Collection Framework In Java

In this Blog we are going to see what is collection framework in java , why is it needed and how to use it.

If you are reading this then probably you have made up your mind to use Java. Ok, but now the question arises what is Collection and why do we need it?.

A collection is an object that represents a group of objects. Let’s admit it that as a programmer we need data structure and not one but a variety as per our needs. Not only do we need structures to hold our data but we also need algorithms and methods to manipulate them. That’s when Collection Framework comes into the picture. It is an architecture with a set of classes and interfaces which lets us in representing and maintaining the collections.

Before the Collection Framework Java had classes like Dictionary, Vector, Stack, Properties to store and manipulate a group of objects. Although there were quite useful they lacked a central, unifying theme. Therefore Collection Framework was designed to meet several goals like high performance, allow different collections to work similarly and with high interoperability, and extending or adapt a collection should be easy.

There are many Advantages of Using the Collection Framework like reduces programming effort, increases performance, provides interoperability between unrelated APIs, reduces the effort to design and implement API, and enhances software reusability.

Collection Framework Heirarchy

The Collection Framework consists of Collection Interface, Algorithms, Array Utilities, implementations like partial implementation, general-purpose implementation, legacy implementation, etc, some map interfaces. Although maps are part of the collection framework they are not “collection” in strict terms.

Before looking at different components of the Collection Framework let’s first understand what is a class and an interface.

Class : class is a user-defined template consisting of properties and methods using which we create an object.

Interface : Similar to a class interface can have variables and methods but methods in an interface are abstract; meaning they do not have a body. Interfaces are used to tell a class what they should do ad not how.

Iterable Interface

It is the root interface of the entire collection framework. Collection Framework extends the iterable interface hence all classes and interfaces inherently implement it. The Java Iterable interface represents a collection of objects which is iterable — meaning which can be iterated. We can do this in 3 ways.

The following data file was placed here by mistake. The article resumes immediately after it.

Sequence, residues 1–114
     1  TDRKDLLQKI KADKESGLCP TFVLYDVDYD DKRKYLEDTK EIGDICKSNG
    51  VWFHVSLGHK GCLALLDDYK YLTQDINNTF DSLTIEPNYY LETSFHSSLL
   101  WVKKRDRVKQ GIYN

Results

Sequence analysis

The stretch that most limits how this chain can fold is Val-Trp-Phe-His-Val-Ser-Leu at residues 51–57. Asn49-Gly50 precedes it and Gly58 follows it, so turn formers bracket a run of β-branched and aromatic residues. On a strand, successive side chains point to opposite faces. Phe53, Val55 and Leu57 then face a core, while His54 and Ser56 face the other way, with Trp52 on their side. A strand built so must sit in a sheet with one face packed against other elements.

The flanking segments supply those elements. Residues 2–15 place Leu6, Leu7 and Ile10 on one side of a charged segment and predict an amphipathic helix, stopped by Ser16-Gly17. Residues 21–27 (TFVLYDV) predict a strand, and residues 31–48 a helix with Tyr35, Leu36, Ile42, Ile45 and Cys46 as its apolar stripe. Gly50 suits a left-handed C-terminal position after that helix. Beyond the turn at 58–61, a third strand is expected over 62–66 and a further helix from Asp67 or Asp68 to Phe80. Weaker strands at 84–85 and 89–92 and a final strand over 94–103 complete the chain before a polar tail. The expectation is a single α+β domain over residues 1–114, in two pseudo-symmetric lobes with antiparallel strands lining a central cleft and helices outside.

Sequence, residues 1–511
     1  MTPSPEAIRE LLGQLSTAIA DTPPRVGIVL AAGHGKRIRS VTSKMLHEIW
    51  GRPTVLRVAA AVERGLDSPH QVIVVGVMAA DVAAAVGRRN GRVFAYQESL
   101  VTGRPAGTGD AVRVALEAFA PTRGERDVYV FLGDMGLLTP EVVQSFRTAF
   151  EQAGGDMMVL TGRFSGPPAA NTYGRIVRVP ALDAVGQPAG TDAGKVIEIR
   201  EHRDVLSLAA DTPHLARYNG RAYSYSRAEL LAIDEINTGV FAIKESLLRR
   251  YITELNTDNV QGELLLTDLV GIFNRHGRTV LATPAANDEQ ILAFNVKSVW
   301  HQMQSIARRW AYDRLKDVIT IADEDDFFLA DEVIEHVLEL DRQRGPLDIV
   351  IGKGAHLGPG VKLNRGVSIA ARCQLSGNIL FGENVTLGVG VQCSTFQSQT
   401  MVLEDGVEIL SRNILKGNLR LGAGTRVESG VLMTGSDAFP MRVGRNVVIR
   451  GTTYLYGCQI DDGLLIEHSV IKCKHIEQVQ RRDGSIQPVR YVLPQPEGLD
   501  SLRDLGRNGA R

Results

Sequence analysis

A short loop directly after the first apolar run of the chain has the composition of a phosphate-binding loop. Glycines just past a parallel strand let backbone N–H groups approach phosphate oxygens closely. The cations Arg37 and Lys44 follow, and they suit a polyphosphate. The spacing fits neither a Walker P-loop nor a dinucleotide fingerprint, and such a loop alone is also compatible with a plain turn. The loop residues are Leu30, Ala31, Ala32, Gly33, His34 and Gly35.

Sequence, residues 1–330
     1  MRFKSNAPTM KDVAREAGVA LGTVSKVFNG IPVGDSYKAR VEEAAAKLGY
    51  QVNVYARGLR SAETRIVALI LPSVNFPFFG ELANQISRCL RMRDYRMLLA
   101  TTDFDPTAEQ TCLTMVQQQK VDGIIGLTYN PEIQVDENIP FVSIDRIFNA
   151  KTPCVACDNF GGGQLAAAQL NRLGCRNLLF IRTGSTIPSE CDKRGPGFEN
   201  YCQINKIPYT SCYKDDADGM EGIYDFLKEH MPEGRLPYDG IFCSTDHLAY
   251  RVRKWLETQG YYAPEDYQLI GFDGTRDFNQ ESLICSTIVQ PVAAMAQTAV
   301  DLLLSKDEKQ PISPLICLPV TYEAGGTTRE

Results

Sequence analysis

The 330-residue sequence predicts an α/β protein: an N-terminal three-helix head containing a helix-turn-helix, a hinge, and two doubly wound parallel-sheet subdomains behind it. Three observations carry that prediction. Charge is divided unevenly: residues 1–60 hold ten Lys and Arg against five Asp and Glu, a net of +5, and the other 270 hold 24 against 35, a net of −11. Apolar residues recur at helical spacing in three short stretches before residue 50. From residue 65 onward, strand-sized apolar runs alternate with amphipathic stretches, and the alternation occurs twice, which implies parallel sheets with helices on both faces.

1. Using a Iterator
  2. Using a for-each loop
  3. Using forEach() method

Collection Interface

This interface extends the iterable interface and is the foundation on which Collection Framework is built.

All the classes that define the Collection framework implement the Collection Interface. Collection declares the core methods which will be implemented by all the collections irrespective of the style of implementation.

List Interface

The List interface extends Collection and declares the behavior of a collection that stores a sequence of elements. Elements can be inserted or accessed by their position in the list, using a zero-based index. It can contain duplicate elements. Classes ArrayList, Vector, LinkedList, and Stack implements the List Interface.

  1. ArrayList

ArrayList provides us with dynamic arrays. That is, an ArrayList can dynamically increase or decrease in size. Array lists are created with an initial size. When this size is exceeded, the collection is automatically enlarged. When objects are removed, the array can be shrunk. Array list cannot have a primitive data type, for such cases, we have to use wrapper class.

2. LinkedList

LinkedList uses a doubly-linked-list to store the elements and is an implementation of the linked-list data structure. It maintains the insertion order and can contain duplicate elements. It implements List, Dequeue, and Queue interfaces. Elements here are not stored in contiguous locations and each element is a separate object with its data and address part.